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Know (and Love!) Your Strengths


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Hello ESM family! I hope that the school year is off to a positive and productive start! Today, I write to you on a topic that I feel is very important to our students.

So often, I hear students say things like:

“I am just not a math person”

“I just don’t do science”

“Essays just aren’t my strength”

“Boys are just more spatial than girls”

The list goes on and on. What do we notice about this list? The answer to this question is the word just, and it is a word that we must strive to outgrow. Just limits us to the confines of our beliefs about ourselves, the comparisons we make to others, and the projections that we hear from others. But none of us are just any one thing. We are woven, by our genetics and experiences, into a collection of interests, talents, strengths, struggles, insights, comforts, skills, passions, tendencies, curiosities… the list goes on and on.

Some of us are natural-born linguists; some can see the imaginary in three dimensions. Some create the music, and others dance the dance. Some connect with nature, and others connect the dots. Some students glom onto perceived strengths; others ruminate on all of the things that they just can’t do, longing to be just a little bit better at this, that, or the other. But the truth is, THE WORLD TRULY NEEDS ALL TYPES, and every combination of intelligences is unique and important!

The diagram above shows a handful of intelligence types. Each bubble is a different color, but every bubble is equal in size. Our world depends on the balance of every one of these bubbles, and every overlap possible. The problems we face today require flexible thinkers, strong communicators, team players, analysts, and creatives all working together on a common goal. Harnessing multiple intelligences can lead to personal success, but more importantly, can help change the world. Check out the list below which features modern-day, multi-intelligent people who do just that!

Madison Stewart→ Verbal-Linguistic, Naturalist, Interpersonal

Chris Malloy→ Kinesthetic, Verbal-Linguistic

Maggie Rogers→ Musical, Verbal-Linguistic

Pixie Turner → Verbal-Linguistic, Interpersonal

Domee Shi→ Verbal-Linguistic, Visual-Spatial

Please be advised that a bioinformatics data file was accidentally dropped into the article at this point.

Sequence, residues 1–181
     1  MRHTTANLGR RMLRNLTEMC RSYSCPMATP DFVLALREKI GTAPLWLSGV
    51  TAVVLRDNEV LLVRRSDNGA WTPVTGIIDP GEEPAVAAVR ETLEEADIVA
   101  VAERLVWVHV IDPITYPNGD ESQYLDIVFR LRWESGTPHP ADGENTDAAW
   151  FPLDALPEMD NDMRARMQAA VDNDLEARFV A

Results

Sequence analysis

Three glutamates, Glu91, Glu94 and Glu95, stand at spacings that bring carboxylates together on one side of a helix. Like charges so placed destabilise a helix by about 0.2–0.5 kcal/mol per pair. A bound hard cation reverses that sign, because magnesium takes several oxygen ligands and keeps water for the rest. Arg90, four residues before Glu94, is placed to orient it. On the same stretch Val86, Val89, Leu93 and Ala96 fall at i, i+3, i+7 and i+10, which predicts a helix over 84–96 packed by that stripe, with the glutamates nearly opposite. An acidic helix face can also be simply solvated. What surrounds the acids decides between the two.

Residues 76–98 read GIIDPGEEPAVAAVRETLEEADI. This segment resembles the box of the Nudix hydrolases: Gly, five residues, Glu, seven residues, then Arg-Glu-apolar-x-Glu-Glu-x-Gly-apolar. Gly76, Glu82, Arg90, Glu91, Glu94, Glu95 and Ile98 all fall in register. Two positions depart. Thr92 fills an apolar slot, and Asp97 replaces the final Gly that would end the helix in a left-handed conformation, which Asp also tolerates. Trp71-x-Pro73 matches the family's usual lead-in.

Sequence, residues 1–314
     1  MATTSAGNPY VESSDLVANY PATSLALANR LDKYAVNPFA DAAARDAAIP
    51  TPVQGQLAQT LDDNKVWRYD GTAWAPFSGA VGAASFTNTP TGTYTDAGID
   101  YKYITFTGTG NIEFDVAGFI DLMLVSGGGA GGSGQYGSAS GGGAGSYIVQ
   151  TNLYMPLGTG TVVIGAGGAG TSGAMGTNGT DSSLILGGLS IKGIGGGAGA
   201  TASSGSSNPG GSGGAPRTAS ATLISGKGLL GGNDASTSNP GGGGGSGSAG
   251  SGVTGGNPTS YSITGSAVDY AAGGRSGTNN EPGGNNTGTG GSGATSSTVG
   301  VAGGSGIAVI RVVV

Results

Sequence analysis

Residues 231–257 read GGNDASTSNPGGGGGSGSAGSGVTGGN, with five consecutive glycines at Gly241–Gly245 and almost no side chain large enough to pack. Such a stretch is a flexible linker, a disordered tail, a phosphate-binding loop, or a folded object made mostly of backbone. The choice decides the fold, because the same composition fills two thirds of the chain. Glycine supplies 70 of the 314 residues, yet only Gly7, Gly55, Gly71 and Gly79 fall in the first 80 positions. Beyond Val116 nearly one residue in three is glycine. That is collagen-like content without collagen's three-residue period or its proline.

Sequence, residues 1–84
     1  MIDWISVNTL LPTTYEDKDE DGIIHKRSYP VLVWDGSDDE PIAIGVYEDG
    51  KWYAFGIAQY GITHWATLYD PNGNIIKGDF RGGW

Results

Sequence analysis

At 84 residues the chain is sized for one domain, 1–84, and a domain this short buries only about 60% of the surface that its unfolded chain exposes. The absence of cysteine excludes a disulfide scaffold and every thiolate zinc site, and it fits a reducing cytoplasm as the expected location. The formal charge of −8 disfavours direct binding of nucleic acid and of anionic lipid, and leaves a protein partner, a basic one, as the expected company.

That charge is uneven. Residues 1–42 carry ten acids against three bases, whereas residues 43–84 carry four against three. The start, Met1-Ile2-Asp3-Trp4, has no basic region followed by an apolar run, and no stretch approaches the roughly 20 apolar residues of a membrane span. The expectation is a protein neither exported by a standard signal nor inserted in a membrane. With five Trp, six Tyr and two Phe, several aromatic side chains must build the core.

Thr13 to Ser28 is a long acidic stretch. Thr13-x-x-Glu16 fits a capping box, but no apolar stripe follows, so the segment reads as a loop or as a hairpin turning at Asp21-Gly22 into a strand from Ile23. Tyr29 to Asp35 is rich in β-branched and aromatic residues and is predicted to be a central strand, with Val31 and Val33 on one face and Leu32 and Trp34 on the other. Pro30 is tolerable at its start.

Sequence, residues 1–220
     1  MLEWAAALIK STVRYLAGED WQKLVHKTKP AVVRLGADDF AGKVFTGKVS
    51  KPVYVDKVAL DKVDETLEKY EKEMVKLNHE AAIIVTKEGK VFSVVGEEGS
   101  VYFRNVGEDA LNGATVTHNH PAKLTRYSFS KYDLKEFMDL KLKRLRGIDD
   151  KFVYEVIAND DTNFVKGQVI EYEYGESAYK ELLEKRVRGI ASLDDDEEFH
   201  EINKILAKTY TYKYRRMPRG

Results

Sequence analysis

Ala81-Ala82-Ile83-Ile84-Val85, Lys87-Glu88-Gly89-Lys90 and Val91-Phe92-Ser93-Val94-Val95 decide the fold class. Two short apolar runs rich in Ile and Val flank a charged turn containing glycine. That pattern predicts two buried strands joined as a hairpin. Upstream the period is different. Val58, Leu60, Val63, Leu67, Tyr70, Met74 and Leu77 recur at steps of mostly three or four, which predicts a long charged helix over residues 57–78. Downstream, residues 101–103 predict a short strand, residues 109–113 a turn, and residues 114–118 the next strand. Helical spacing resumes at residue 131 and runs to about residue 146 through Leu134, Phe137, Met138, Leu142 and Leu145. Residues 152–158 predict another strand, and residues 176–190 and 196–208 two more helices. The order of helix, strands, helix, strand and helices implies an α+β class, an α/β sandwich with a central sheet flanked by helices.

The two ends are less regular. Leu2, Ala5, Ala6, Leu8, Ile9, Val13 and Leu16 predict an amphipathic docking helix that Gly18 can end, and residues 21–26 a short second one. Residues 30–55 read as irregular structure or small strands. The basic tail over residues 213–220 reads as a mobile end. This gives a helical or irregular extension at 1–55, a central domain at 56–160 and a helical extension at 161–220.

Boyan Slat→ Logic-Math, Naturalist

Noel Fitzpatrick→ Logic-Math, Kinesthetic

Alex Honnold→ Kinesthetic, Naturalist

Kishi Bashi→ Musical, Logic-Math

Mona Chalabi→ Visual-Spatial, Logic-Math

Lindsey Stirling→ Kinesthetic, Musical

Charles Post→ Naturalist, Interpersonal

Rachel Pohl→ Visual-Spatial, Naturalist

Rachel Brathen→ Interpersonal, Kinesthetic

Florence Welch→ Intrapersonal, Musical

Jay Shetty→ Intrapersonal, Interpersonal

Megan Grassell→ Interpersonal, Visual-Spatial

Michael Landy→ Intrapersonal, Visual-Spatial

Each of these individuals has a unique set of interests, talents, strengths, struggles, insights, comforts, skills, passions, tendencies, curiosities, and each of them has found success and happiness in life. The common thread is that none of them did JUST anything. None of them are just statisticians, or just artists, or just dancers, or just medical specialists, or just business executives, or just ecologists. All of them are multi-intelligent, multi-passionate human beings, and that is what we can all strive to be. Never settle for just anything! This year, I challenge each and every one of us (students, parents, and mentors alike) to not only apply our natural intelligences more intentionally, but also embrace the areas that we struggle, learn from those who can teach us, and teach those who can learn from us.

I leave you with the quote: “Everybody is a genius, but if you judge a fish by its ability to climb a tree, it will live its whole life believing that it is stupid.” -Albert Einstein